A vision for a sustainable battery value chain in 2030: unlocking the full potential to power sustainable development and climate change mitigation

The authors put forward their vision for how batteries can contribute to sustainable development and climate change mitigation over the coming decade.

The World Economic Forum (2019)


The drive to produce increasingly reliable and affordable batteries, particularly for EVs, has become synonymous with the zero-carbon transition. According to WEF’s Sustainable Battery Value Chain whitepaper, batteries could enable 30% of the required reductions in carbon emissions in the transport and power sectors, provide first-time access to electricity for 600 million people, and create 10 million safe and sustainable jobs around the world.

The WEF report describes batteries as a “systemic enabler”, facilitating a major shift to bring transportation and power to greenhouse gas neutrality. Given the enormous potential promised, the authors put forward their vision for how batteries can contribute to sustainable development and climate change mitigation over the coming decade.

They conclude that this enormous opportunity can only be achieved sustainably through a systemic approach across social, environmental, and economic dimensions. The report outlines key conditions and presents recommendations to realize this potential.



While batteries have long-been relied upon for countless elements of modern-day life, the WEF report suggests that global battery demand could increase by more than 19 times current levels over the next decade. The report argues that immediate action is required in this area both to ensure the Paris Agreement commitments can feasibly be met, and to ensure the emerging battery value chain is quickly optimised, rather than risking costly reconfiguration that could exacerbate social and environmental impacts.

At the forefront of this drive are the automotive original equipment manufacturers (OEMs). Auto OEMs will launch more than 300 EV models over the next five years. The WEF report highlights that cost efficient and sustainable batteries, as well as a supporting ecosystem for battery-enabled dispatchable energy, and a dense charging infrastructure network, are all preconditions for broad customer acceptance and economically viable powertrain transition.


The report centres on two primary questions:

1) How can the deployment of batteries be accelerated?

2) How can these batteries be produced responsibly and sustainably?


To accelerate deployment, more investment needs to be attracted along the entire value chain as well as into application infrastructure (e.g. charging infrastructure).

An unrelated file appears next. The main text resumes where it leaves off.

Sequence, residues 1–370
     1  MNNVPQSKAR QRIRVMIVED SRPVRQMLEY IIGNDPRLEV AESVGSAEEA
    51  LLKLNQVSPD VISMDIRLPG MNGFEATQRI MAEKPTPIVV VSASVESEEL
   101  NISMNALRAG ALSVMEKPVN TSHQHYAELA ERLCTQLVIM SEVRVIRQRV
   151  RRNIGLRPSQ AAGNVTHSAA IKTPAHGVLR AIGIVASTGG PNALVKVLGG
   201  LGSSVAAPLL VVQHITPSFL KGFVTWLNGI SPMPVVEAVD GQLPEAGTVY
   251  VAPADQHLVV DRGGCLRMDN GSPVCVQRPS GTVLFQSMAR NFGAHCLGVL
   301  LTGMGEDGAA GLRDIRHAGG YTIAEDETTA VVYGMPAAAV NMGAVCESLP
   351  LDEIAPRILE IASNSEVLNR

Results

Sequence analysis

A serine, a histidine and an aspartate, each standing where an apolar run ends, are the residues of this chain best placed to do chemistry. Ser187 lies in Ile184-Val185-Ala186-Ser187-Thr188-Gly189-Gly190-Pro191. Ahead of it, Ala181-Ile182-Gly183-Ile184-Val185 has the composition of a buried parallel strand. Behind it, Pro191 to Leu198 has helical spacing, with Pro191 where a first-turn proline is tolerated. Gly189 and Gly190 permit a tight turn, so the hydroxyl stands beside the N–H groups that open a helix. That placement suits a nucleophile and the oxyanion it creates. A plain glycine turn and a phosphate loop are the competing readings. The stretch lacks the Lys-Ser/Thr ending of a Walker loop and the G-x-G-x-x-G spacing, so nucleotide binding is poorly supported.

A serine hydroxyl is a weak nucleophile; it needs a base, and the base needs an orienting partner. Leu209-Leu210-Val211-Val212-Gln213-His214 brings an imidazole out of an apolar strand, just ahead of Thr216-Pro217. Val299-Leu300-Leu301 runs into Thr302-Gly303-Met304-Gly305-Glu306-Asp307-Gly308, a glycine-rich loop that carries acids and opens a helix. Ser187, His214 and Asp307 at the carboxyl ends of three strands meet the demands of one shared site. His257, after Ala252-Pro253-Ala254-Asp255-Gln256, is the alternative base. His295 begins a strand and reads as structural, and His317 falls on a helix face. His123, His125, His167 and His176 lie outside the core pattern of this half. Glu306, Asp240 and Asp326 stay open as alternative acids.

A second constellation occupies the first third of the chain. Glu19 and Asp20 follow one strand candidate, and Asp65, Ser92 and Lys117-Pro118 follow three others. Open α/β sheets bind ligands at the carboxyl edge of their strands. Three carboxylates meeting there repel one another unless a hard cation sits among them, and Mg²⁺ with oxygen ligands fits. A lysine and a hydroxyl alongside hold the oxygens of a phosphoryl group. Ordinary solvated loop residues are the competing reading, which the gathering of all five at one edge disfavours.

Moreover, lower production costs are required to ensure batteries become sufficiently affordable. Simultaneously, producing these batteries responsibly and sustainably will require lowering emissions, eliminating human rights violations, ensuring safe working conditions across the value chain, and improving repurposing and recycling.

One of the pressing challenges highlighted in the report is the need to secure the raw materials required to enable this surge in battery demand. The WEF notes that the raw material demand driven by battery applications will experience unprecedented growth in the lead up to 2030, with the supply of major raw materials for batteries increasing by factors between 4 for cobalt, and 24 for class 1 nickel, to name just two.



To initiate this shift, the report proposes 10 concrete actions to develop a circular battery value chain, accelerate sustainable business and technology development, and improve responsibility in the value chain.

These are wide ranging and, for example, include the need to implement design and systems for life extension and end-of-life treatment. This will require international policymakers, battery manufacturers, and Auto OEMs to work together to share the data and technology needed to improve the economics of life extension through repair and refurbishment, and recycling.

Another of the 10 actions proposed is to finance the sustainable expansion and support value creation and economic diversification in local communities. This would require all investors, both private and public, to adequately factor in the sustainability elements in the development of the entire value chain.

While the WEF report acknowledges the scale of the challenge ahead for an unprecedented battery roll out, it is unquestionably encouraging. Batteries are described as key to realize the Paris Agreement goals and support the UN SDGs, ultimately creating a vibrant, responsible, and sustainable market.